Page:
Camilla Marcus, west~bourne


Walking into west~bourne, we’re immediately greeted with an enthusiastic smile from none other than Camilla Marcus (@_camillaruth_), owner of the LA-inspired all-day cafe in SoHo. Encouraging us to sit at the end of the natural wood counter, Marcus finishes up with a customer and comes to join us. Marcus received her Bachelor of Science from The University of Pennsylvania’s Wharton School and also holds a JD/MBA from NYU. An individual with experience in private equity, real estate, and of course, the restaurant industry, Marcus’ resume is complete with twists and turns, making her a modern entrepreneur who is proud of doing things differently at every opportunity she gets.

How would you describe yourself as an entrepreneur?

I was a reluctant entrepreneur. It’s scary to come out on your own! My dad said, “You clearly have a lot of ideas, and they seem to be very good, and other people like them.” And I said, “I don’t know, I don’t know.” So then, everyday for like a month, he’d write me an email that said, “Just do it” in the subject line. So I started working on it!

And before starting west~bourne, what were you up to?

I had always wanted to cook since I was very young and I cooked for all my friends in college. But, my mom was really insistent on law school. So I made her a deal... if I did well enough on the LSAT, then I would apply and if I got into a good school I would maybe go. I ended up getting into NYU and began studying law. As the three-year program was coming to an end though, I interviewed around and got every door slammed in my face. So I thought of pursuing a JD/MBA, which finally opened some doors in development. I helped develop what became River Park with Tom Colicchio on 29th and 1st, worked in private equity for a semester, got a job at a real estate private equity firm, and then headed up business development for Danny Meyer at Union Square Hospitality Group.

How do you make career and life decisions?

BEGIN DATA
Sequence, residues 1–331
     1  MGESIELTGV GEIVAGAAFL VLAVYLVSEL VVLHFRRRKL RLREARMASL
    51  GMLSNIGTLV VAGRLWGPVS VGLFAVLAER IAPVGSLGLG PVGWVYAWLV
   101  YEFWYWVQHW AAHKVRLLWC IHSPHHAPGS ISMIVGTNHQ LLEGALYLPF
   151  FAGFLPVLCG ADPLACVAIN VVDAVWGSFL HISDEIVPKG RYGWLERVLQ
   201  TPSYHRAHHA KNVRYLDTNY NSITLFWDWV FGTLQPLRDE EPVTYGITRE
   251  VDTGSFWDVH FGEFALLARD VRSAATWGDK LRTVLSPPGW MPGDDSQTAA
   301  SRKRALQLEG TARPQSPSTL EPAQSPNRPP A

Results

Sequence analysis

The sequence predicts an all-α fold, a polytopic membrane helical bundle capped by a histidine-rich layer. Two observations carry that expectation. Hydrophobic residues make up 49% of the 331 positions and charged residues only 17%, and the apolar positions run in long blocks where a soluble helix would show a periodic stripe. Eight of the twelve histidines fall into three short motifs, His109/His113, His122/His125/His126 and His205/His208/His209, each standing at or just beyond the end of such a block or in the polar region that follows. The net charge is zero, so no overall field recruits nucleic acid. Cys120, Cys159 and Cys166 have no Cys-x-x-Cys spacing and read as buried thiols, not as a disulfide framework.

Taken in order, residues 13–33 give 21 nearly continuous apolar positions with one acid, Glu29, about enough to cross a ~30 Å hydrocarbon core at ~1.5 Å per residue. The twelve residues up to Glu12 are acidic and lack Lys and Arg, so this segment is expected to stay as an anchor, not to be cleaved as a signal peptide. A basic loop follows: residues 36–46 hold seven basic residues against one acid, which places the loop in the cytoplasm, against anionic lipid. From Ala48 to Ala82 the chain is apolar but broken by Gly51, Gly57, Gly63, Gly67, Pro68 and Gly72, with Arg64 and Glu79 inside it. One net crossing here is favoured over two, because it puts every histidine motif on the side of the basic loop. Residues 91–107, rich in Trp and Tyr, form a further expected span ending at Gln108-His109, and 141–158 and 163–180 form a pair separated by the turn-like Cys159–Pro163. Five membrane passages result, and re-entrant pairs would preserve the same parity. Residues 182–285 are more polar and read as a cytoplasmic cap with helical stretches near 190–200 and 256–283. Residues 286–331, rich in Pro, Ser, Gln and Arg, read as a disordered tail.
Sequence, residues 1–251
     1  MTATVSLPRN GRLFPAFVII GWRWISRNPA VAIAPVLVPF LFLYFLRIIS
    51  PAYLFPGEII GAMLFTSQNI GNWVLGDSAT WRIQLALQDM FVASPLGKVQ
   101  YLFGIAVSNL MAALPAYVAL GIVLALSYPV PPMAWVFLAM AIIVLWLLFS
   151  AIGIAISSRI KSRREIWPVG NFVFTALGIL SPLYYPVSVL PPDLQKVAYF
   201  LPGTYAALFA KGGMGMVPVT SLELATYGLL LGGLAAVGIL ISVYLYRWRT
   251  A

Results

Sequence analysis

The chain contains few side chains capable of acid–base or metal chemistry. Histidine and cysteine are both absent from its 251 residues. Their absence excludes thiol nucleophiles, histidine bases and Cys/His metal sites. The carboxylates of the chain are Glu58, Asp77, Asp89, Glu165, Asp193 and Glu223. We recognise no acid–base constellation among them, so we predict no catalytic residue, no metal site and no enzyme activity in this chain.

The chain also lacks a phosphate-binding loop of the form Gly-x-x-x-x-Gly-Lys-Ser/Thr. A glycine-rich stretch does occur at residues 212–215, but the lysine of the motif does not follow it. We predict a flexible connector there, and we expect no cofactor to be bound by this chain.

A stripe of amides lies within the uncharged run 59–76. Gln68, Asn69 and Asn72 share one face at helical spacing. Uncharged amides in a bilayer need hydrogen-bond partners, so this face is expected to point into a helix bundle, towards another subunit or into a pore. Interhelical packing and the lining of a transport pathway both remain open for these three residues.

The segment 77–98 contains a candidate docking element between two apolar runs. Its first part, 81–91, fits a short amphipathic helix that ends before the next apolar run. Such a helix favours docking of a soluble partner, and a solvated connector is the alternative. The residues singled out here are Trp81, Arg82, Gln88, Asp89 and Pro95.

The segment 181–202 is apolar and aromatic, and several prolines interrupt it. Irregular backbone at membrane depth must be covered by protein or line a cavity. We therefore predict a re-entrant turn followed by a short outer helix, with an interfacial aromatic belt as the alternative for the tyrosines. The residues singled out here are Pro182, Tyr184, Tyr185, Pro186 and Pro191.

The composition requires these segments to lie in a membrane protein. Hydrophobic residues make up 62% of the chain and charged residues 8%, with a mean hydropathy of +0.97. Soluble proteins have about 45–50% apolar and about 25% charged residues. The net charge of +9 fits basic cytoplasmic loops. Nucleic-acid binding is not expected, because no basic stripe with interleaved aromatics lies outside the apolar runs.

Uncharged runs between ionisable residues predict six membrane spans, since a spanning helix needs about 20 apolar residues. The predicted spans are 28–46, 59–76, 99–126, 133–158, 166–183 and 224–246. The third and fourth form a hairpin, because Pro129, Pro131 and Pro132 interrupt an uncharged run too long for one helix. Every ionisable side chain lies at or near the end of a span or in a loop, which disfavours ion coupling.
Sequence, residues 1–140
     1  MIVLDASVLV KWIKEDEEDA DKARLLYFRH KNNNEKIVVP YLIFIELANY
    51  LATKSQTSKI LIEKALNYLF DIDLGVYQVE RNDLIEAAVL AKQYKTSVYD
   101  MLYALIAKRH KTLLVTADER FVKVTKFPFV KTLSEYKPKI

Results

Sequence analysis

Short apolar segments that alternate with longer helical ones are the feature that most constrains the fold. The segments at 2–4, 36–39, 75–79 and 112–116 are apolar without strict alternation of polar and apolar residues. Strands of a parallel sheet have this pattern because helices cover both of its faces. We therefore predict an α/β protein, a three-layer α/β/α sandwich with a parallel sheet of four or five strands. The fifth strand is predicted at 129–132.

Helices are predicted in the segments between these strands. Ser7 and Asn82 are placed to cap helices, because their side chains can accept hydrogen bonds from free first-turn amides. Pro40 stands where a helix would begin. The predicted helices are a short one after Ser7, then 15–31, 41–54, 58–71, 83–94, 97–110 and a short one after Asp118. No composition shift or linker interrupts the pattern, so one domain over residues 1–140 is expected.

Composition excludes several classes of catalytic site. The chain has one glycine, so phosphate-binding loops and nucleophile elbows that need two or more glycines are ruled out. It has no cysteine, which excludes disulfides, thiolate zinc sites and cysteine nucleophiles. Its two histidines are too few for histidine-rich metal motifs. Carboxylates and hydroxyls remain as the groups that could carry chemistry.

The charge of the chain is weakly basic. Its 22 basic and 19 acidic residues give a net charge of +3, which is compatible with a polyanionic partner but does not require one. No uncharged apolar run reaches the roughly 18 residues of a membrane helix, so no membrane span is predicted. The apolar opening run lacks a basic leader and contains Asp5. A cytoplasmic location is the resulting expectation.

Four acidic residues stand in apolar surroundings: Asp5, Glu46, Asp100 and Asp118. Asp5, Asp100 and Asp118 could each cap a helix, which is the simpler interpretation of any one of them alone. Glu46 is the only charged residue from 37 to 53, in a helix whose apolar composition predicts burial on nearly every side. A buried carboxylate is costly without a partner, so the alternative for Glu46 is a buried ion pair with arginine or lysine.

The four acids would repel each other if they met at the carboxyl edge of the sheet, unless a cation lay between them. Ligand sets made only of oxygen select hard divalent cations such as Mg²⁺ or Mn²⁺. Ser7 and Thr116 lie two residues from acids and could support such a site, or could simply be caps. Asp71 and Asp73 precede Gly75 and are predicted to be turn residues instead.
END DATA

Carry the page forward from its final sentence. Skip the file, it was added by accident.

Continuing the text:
I just always try to read the signs. As long as I’m enjoying the vast majority of what I’m doing then I go that way. You can’t be so set on one thing because you just don’t know.

What was a challenge you faced when starting west~bourne?

I could not get a lease to save my life. I had three failed deals. Horribly failed. Belly flop. Could not be more painful, more costly. People were like, “I can’t believe you’re still doing this!” I thought, if all of this stuff is happening and I still want to wake up the next morning and do this then I think this is the right thing. It took us 18 months to find this location but it all works out for a reason. We definitely found the right spot for us!

How did you build the team that made you successful?

Specifically in restaurants, but in all businesses, it revolves around the people. It’s people and having that click. I can teach anyone anything, but I can’t teach them how to think, I can’t teach them not to have an ego, I can’t teach them how to be open minded, and how to be empathetic.

As an owner, you have to be generalist enough to manage people well and spot talent, but you also have to be a real magnet. You have to care about them and invest in them, and you have to actively pull them for what they need because if they’re not getting it from you they’re going to get it from somewhere else.

What is your secret sauce (figurative or literal)?

Fluid thinking, definitely reading people and hopefully being good with people, and just a very determined optimism. And literal? My new obsession is this thing bomba; it’s chopped up different spicy peppers. It’s like a pesto meets hot sauce and it’s the best thing ever. I put it on everything; it’s not even normal.